Czechs in the EU: Klaus and Zeman

Václav Klaus

All Czech presidents got the chance to address the European Parliament during their time in office. Some of their speeches received a standing ovation, others stirred controversy. In today’s instalment of our five-part series “Czechs in the EU”, we look back at how Czech heads of state presented themselves in Brussels and Strasbourg. My guest is Viktor Daněk, former Czech Radio correspondent in Brussels, now Deputy Director of the Europeum Institute for European Policy.

Viktor, in our previous episode of this mini-series, we spoke about the indelible stamp that Václav Havel left on the European Union. This time, however, let’s turn our attention to his successors in office. How was Václav Klaus perceived in the European Parliament? Because he was a very different figure from Václav Havel.

Václav Klaus | Photo: © European Union 2011 - EP

“Definitely, yes. Unlike Václav Havel, Václav Klaus had only once chance to deliver a speech in the European Parliament -that was in 2009. I think that his speech actually became quite historic because never before and probably never after has it happened that MEPs would boo the head of state. Václav Klaus was actually using his invitation to the European Parliament to criticise the direction of European integration. He also criticised the Chamber because in his view, there was not enough room for a plurality of opinions, and he also criticised the new Lisbon Treaty.”

Václav Klaus: "The solution is neither to add fuel to the melting pot of the current type of European integration, nor to suppress the role of the member states under the slogan of a new multicultural and multinational European civil society."

"Some MEPs showed their discontent by leaving the assembly hall during his speech. I think that at that time, the views of Václav Klaus were well known -- he was known for his criticism of the European Union. Nonetheless, this speech had political repercussions, because it was delivered at a time when Czechia held the Presidency of the European Council.”

Václav Klaus | Photo: © European Union 2011 - EP

Well, Václav Klaus was generally known as a euro-sceptic, wasn’t he? Although he liked to call himself a euro-realist... And he never addressed the European Parliament after that first speech. His successor Miloš Zeman also got just one opportunity to address the assembly. That was in 2014 at the start of his first mandate. How was that speech received?

“Miloš Zeman did not called himself a euro-realist but rather a euro-federalist. He showed this at the beginning of his presidency, for example by hoisting the European flag at Prague Castle alongside the Czech flag. However, later he became known for his criticism of the European Union. When he delivered his speech in front of the MEPs though, it was still at a time when MEPs were expecting a pro-European speech. They did receive it, but we must say it was in his very personal style - for example when Miloš Zeman entered the room, the first thing he looked around for was an ashtray. He delivered his speech in English, without any notes. He cracked a lot of jokes, and he was also very critical of some things."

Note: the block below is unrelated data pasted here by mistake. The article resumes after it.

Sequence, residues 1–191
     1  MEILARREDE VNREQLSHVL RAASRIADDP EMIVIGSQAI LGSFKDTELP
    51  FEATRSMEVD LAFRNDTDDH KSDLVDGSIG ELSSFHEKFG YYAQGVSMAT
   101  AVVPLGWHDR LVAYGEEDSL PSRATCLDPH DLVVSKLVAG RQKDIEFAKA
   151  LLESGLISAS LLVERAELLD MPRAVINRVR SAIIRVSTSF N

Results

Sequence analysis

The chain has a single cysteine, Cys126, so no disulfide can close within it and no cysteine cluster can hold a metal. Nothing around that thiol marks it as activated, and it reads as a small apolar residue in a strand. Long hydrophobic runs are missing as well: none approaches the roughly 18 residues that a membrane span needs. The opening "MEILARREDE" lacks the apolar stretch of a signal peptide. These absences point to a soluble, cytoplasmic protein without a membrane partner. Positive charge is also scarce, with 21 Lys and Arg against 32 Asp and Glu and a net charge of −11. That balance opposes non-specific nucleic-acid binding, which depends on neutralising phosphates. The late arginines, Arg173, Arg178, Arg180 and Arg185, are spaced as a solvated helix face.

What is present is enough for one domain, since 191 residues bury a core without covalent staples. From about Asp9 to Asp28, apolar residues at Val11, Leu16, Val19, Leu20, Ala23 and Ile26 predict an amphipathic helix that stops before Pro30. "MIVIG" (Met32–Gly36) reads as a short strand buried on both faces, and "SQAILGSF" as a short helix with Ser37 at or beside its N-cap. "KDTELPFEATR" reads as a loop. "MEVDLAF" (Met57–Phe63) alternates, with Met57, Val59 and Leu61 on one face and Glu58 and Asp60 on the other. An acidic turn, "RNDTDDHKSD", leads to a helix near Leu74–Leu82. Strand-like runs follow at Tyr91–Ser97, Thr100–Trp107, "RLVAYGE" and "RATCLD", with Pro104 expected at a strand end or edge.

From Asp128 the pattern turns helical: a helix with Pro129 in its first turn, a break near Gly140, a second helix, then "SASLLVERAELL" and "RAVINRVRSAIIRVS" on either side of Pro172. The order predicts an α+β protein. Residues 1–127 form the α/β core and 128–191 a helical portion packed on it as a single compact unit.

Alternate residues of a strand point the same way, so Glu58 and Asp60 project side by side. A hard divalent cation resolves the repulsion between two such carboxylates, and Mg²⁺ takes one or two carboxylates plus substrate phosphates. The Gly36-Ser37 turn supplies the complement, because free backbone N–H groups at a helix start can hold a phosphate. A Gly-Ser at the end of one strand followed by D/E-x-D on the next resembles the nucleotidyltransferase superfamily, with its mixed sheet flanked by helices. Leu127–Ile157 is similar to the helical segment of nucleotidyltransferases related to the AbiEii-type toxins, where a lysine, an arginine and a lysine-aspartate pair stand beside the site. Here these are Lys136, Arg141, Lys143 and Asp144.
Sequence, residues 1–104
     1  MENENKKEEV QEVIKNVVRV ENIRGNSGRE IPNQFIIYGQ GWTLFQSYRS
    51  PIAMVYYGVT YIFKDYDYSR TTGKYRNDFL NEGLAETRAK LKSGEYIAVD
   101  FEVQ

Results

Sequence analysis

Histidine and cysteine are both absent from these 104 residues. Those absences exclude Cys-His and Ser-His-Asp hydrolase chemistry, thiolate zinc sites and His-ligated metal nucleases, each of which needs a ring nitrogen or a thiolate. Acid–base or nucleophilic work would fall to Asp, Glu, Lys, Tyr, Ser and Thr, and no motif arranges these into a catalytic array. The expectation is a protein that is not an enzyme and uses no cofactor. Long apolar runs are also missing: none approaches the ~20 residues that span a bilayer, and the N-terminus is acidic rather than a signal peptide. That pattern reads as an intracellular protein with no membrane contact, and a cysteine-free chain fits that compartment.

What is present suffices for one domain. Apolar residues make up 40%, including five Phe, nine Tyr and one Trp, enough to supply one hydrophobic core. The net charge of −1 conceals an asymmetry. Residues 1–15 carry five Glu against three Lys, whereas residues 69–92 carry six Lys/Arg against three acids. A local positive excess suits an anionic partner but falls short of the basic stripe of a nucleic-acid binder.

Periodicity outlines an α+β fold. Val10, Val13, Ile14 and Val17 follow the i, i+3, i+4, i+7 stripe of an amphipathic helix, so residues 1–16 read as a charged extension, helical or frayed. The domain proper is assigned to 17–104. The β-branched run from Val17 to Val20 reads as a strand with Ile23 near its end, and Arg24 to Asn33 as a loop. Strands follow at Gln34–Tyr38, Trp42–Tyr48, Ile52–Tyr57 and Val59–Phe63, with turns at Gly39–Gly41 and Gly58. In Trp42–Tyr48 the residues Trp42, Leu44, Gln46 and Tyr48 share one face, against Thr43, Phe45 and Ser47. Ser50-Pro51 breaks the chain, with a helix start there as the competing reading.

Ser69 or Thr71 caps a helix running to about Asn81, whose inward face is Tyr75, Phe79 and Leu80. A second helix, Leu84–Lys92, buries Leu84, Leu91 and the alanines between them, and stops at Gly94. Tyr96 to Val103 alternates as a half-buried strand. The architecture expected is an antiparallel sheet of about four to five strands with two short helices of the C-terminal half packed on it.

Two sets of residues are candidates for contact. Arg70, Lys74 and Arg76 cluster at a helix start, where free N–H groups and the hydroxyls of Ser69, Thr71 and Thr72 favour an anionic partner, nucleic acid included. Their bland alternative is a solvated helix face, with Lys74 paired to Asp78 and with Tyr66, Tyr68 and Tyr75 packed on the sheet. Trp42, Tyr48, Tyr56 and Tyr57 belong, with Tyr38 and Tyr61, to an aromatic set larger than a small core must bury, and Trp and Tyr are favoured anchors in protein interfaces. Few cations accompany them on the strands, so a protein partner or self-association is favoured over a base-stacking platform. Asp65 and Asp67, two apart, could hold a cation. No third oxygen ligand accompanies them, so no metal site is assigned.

Miloš Zeman at the European Parliament in 2014 | Photo: Sebastien Bozon,  European Union 2014 - EP

Miloš Zeman : “My European dream does not include the crazy movement of MPs between Strasbourg and Brussels and back again. My European dream does not include nonsensical directives such as the directive about economical light bulbs. I have one of them at my cottage and it looks like a cemetery or a mortuary. So I speak from my own experience. My European dream does not include Brussels so-called ‘European architecture’ which sometimes looks like an amplified shoe box. And it does not include the steak at the European Commission centre which looks and tastes like bubble-gum.”

"In his speech, he called himself a supporter of the Euro; he described the EU as a good thing in its core, but he said he would support only the direction of European integration that would preserve Europe of many “tastes and colours”. I think that in Czechia his speech was received controversially mainly because of the very strong accent he used in his speech.”

Turning now to the present day and the incumbent Czech President Petr Pavel. He has only spoken once to the European Parliament, also at the start of his mandate. What was his message to the MEPs?

Petr Pavel | Photo: Alain Rolland,  © European Union 2023 - EP

“Yes, Petr Pavel referred to Václav Havel on many occasions during the speech but unlike him, he was quite practical, I would say. He didn’t speak about any long-term visions but rather focused on searching for practical solutions to today’s problems -- for example in the case of war in Ukraine where he advocated as strong support as possible. On top of that, he spoke about the upcoming elections to the European Parliament and the threat of populism.”

Petr Pavel: “We should refrain from simplistic solutions and empty promises. The temptation to manipulate realities for short-term political gain will be enormous. We all have a huge responsibility to articulate problems as they are.”

“Petr Pavel spoke in English most of the time, but also in Czech and French, and he received a standing ovation. By the way, apart from Czech presidents, some other high-level politicians from Czechia had the opportunity to deliver a speech in front of the European Parliament. Among them was Andrej Babiš, who was prime minister at the time, but he decided not to use this opportunity because of the controversies he had with the European Union.

Petr Pavel | Photo: Daina le Lardic,  © European Union 2023 - EP
Authors: Viktor Daněk , Daniela Lazarová
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